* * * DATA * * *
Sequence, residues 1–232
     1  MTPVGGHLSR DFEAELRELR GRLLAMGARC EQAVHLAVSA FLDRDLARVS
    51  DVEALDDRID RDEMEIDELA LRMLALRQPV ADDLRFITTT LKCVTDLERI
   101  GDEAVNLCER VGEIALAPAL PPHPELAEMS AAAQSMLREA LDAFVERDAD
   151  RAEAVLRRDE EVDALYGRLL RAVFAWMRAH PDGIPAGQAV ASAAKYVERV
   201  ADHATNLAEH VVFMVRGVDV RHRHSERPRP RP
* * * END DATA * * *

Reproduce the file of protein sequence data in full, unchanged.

Sequence, residues 1–232
     1  MTPVGGHLSR DFEAELRELR GRLLAMGARC EQAVHLAVSA FLDRDLARVS
    51  DVEALDDRID RDEMEIDELA LRMLALRQPV ADDLRFITTT LKCVTDLERI
   101  GDEAVNLCER VGEIALAPAL PPHPELAEMS AAAQSMLREA LDAFVERDAD
   151  RAEAVLRRDE EVDALYGRLL RAVFAWMRAH PDGIPAGQAV ASAAKYVERV
   201  ADHATNLAEH VVFMVRGVDV RHRHSERPRP RP